Intelligence Oversight by wuxiangyu

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									Intelligence Oversight


             Intelligence Oversight




                          U.S. Army Inspector General School 1
Intelligence Oversight
                         References


   • Army Regulation 381-10, U.S. Army
     Intelligence Activities

   • The Intelligence Oversight Guide




                                 U.S. Army Inspector General School 2
                         Enabling Learning Objectives
                                 Advance Sheets, page 9
Intelligence Oversight
                                       ELO



 1. Describe an IG’s responsibilities for providing
    independent oversight of Army intelligence activities.

 2. Describe the types of units and staffs involved in
    intelligence activities as defined in AR 381-10, Army
    Intelligence Activities.

 3. Describe the recommended inspection methodology
    used by IGs to conduct Intelligence Oversight
    inspections as part of their command’s OIP.
                                              U.S. Army Inspector General School 3
                     Why is Intelligence Oversight
                          Important to You?
Intelligence Oversight


  •     Intelligence Oversight (IO) is the only Inspection
        requirement for IGs (AR 20-1, para 1-4b (8))

  •     IO is not a primary responsibility of the IG but
        rather an additional level of oversight for our
        intelligence components

  •     IO inspections are compliance-oriented, but the
        findings do not result in adverse action (unless
        criminal)


                                         U.S. Army Inspector General School 4
                             Background
Intelligence Oversight

 •     During the 1960s, Army intelligence participated with other agencies in
       programs that aggressively collected information about U.S. citizens
       who were involved in the civil rights movement or who opposed the
       war.

 •     Great public outcry resulted from this
       “Big-Brother” activity.

 •     President Ford established some initial
       rules about this type of
        information-gathering activity in
        an Executive Order.

 •     Each president since Gerald Ford has re-issued this Executive Order.
 •     Currently, Executive Order 12333 (2008) is the Executive Order that
       establishes rules and procedures for collecting data on U.S. persons.

                                                  U.S. Army Inspector General School 5
                                   Purpose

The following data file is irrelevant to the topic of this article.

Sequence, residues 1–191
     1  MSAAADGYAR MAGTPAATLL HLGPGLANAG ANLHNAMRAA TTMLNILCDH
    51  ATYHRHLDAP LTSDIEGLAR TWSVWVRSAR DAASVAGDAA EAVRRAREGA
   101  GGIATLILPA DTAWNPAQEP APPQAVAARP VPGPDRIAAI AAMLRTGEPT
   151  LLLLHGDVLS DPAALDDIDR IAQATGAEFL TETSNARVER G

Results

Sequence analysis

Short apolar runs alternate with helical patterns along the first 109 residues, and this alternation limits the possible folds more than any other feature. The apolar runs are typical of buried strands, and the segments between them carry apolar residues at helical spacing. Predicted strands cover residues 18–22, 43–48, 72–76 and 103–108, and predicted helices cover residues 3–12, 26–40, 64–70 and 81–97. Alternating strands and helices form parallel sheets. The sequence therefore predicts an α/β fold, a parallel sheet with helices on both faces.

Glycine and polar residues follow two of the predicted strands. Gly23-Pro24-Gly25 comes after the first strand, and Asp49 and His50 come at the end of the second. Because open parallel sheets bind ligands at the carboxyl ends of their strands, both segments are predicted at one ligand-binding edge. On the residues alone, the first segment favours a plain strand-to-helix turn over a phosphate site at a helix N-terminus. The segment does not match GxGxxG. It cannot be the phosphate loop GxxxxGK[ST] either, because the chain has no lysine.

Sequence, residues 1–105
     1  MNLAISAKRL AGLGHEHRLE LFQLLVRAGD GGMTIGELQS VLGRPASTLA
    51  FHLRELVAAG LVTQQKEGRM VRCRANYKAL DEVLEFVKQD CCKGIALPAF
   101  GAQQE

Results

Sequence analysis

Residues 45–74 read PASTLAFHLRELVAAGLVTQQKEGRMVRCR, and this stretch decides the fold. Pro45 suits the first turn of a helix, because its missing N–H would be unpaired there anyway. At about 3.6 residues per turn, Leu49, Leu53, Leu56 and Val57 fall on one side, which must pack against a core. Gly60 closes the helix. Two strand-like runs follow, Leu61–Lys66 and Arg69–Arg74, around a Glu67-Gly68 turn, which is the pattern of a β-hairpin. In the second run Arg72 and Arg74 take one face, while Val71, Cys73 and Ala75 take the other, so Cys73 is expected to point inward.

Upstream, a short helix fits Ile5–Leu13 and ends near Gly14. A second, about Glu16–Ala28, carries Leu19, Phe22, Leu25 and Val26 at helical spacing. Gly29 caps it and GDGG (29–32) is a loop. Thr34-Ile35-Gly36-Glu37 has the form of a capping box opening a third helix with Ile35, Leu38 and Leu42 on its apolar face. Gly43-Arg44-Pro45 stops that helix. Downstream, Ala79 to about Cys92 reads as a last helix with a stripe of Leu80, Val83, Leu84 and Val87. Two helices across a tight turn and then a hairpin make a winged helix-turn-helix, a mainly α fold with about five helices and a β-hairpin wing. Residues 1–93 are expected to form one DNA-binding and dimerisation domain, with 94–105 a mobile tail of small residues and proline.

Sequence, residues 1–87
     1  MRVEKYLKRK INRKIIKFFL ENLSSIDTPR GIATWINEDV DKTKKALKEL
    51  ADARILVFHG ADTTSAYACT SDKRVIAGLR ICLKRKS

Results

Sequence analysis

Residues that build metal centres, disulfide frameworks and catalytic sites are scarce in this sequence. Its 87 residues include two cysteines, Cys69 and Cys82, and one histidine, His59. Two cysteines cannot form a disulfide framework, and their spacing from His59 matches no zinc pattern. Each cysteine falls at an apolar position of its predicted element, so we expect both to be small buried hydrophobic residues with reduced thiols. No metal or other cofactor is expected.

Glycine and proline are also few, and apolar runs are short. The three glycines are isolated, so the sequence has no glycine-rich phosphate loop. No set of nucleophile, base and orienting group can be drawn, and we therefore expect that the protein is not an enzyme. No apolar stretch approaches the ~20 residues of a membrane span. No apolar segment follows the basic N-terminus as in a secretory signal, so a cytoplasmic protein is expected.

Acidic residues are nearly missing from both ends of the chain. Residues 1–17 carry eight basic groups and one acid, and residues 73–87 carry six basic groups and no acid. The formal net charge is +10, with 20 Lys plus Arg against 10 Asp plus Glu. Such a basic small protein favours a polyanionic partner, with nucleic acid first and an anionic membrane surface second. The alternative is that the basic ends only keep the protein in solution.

of Intelligence Oversight
Intelligence Oversight


  •     Enables any Army component performing
        authorized intelligence functions to carry out
        those functions in a manner that protects the
        constitutional rights of U.S. persons.

  •     Regulates particular collection
        techniques to obtain information
        for foreign intelligence or
        counterintelligence purposes.

         AR 381-10, paragraph 1-1

                                        U.S. Army Inspector General School 6
                         Executive Order 12333
                          Provides procedures for . . .
Intelligence Oversight

 •     The collection, retention, or dissemination of information on U.S.
       persons by intelligence components. (Procedures 2, 3, and 4)
 •     Intrusive collection techniques with the proper authority
       (surveillance, searches, phone taps, and so on). (Procedures 5
       through 11)
 •     Assistance by intelligence components to law enforcement.
       (Procedure 12)
 •     Employee Conduct and the reporting and investigating of
       violations. (Procedures 14 and 15)

     Executive Orders 13284 (JAN 2003) and 13355 (AUG 2004) amend
     EO 12333 to address the responsibilities of the Department of
     Homeland Security and the Director of Central Intelligence.

                                              U.S. Army Inspector General School 7
                         Army Regulation 381-10
                              Procedures
Intelligence Oversight

  Chapter 1: General Provisions
  Procedure 2: Collection of Information About U.S. Persons
  Procedure 3: Retention of Information About U.S. Persons
  Procedure 4: Dissemination of Information About U.S. Persons
  Procedure 5: Electronic Surveillance
  Procedure 6: Concealed Monitoring
  Procedure 7: Physical Searches
  Procedure 8: Searches and Examination of Mail
  Procedure 9: Physical Surveillance
  Procedure 10: Undisclosed Participation in Organizations
  Procedure 11: Contracting for Goods and Services
  Procedure 12: Provision of Assistance to Law Enforcement Authorities
  Procedure 13: Experimentation on Human Subjects for Intelligence Purposes
  Procedure 14: Employee Conduct
  Procedure 15: Identifying, Investigating, and Reporting Questionable Activities
  Chapter 16: Federal Crimes
  Chapter 17: Support to Force Protection, Multinational Intelligence Activities, Joint Intelligence
      Activities, and other DoD Investigative Organizations.


                                                            U.S. Army Inspector General School 8
                         Executive Order 12333
Intelligence Oversight     Implementing Documents

    •     Department of Defense (DoD) Directive 5240.1 – R is
          the DoD implementing document for this Executive
          Order.

    •     Army Regulation 381-10, U.S. Army Intelligence
          Activities, is the Army’s implementing document.

    •     The person who can answer legal questions about
          this regulation is your Operational Law Attorney.



                                          U.S. Army Inspector General School 9
                         Army Regulation 20-1 and
                           Intelligence Oversight
Intelligence Oversight

  •     Army Regulation 20-1 charges all Army IGs with providing